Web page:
- Please ignore my earlier message. Apparently we are the victims of a hoax. Charles VA3FCMMessage 1 of 4 , Dec 23, 2001View SourcePlease ignore my earlier message. Apparently we are the victims of a hoax.Charles VA3FCM
- ok i feel better now.Message 2 of 4 , Dec 23, 2001View Sourceok i feel better now.
- ... A hoax is a false alarm. This is worse than a hoax. This is actually a do-it-yourself virus! There s a rather clever DIY virus that reads something like,Message 3 of 4 , Dec 23, 2001View Source
> Apparently we are the victims of a hoax.A hoax is a false alarm. This is worse than a hoax. This is actually
a do-it-yourself virus!
There's a rather clever DIY virus that reads something like, "I'm a
do it yourself virus. Please format your own hard drive now!" At
least it's obvious that one is just a joke.
I would encourage everyone to research any "virus warnings" they
receive by email. Go to any established antivirus software company's
website (such as www.antivirus.com) and look up the warning. There
are many hoaxes and DIY viruses out there. Some of these even claim
that "McAfee says it's real bad and there's no cure," but the person
forwarding it didn't bother going to McAfee's website which would
have revealed McAfee already knows it's a hoax.
- Hello Everyone, Interesting timing. I also just received some good references for determining if something is a hoax. I have pasted it below... One thing IMessage 4 of 4 , Dec 23, 2001View SourceHello Everyone,
Interesting timing. I also just received some
good references for determining if something
is a hoax. I have pasted it below...
One thing I always like to advocate...
"Practice Safe Hex!"
>From ON Magazine, January 2002__________________________________________________
>Too Good To Be True
>Do Not Forward This E-Mail If...
>1. It relates something that happened not to a friend,
>but to a friend of a friend.
>2. It urges you to forward it to your entire address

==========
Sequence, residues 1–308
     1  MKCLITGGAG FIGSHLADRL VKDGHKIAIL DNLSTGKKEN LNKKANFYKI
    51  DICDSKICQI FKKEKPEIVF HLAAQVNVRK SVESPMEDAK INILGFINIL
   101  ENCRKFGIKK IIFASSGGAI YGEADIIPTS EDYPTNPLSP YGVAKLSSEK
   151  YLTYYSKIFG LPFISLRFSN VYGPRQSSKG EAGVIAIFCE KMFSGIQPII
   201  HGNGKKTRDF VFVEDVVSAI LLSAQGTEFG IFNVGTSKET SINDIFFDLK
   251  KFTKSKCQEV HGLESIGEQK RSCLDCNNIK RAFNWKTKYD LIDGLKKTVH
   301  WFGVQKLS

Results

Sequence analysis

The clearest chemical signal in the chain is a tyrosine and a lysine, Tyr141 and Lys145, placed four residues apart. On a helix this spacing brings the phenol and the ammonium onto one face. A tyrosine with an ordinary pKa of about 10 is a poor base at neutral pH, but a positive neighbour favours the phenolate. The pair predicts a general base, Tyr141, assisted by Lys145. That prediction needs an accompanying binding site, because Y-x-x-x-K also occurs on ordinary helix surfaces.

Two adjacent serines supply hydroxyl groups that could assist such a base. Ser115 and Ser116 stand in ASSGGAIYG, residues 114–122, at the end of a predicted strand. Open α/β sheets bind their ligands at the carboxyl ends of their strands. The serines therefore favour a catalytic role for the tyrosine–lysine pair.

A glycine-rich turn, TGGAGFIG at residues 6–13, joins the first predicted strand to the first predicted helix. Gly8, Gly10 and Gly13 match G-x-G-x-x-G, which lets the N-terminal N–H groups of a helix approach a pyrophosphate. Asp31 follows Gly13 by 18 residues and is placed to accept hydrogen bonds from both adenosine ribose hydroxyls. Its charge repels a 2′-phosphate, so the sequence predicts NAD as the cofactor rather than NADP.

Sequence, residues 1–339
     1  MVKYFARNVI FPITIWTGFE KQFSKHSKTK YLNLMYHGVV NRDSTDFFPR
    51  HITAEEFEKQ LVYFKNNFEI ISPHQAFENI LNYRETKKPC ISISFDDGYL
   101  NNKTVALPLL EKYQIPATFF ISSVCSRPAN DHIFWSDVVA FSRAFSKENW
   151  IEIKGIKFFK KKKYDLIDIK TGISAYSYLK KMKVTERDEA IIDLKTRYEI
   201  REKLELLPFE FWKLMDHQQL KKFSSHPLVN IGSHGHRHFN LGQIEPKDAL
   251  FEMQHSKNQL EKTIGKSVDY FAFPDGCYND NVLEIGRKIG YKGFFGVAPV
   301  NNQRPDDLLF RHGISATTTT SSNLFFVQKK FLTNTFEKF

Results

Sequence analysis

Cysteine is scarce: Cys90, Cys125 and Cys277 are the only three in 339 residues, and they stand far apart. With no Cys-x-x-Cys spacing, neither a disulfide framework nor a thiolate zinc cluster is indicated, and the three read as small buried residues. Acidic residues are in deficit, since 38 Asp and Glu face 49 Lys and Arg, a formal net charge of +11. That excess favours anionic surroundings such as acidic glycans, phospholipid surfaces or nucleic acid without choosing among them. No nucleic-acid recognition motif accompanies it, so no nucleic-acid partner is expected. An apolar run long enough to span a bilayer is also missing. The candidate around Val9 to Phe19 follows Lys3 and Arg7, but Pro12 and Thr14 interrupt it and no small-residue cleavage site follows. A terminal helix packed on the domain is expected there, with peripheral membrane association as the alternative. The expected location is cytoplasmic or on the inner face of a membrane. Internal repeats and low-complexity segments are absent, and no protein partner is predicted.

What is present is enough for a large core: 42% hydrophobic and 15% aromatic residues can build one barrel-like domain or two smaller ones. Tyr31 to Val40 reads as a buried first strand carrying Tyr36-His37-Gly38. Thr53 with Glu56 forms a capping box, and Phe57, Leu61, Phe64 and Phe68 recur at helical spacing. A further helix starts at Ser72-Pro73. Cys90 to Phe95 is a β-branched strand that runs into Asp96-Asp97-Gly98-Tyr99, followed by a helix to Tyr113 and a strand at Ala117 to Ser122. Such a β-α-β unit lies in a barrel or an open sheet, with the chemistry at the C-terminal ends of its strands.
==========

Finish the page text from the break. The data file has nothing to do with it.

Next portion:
>3. It claims to be "TOP SECRET!!" or something equally
>4. It insists, "This is not a hoax." It doth protest
>5. There is no way to verify its claims or to contact
>the original sender.
>6. It is chock-full of generalities and vague
>7. It promises easy money. Would a stranger offer
>something for nothing?
>8. It threatens bad things if you do not forward it.
>9. It claims it is providing information being
>withheld by the press, the government, the health
>establishment and so on.
>10. It sounds too weird--or too good--to be true.
>How to Get the Skinny on Just About Anything
>The Committee for the Scientific Investigation of
>Claims of the Paranormal looks at all sorts of hoaxes.
>From the Department of Energy, this site is especially
>good at exposing chain letters and fake giveaways.
>The best site for exposing health-related scams.
>Uncannily accurate, and written with wit and style,
>this is the most reliable source for getting the
>Strong on verifying inspiring tales and pleas for
>This comprehensive site details six variants of the
>Klingerman virus--and offers chat.
>The archives of the alt.folklore.urban newsgroup.
>Where to learn about computer viruses, real or fake.
>Also check out mcafee.com and symantec.com, which sell
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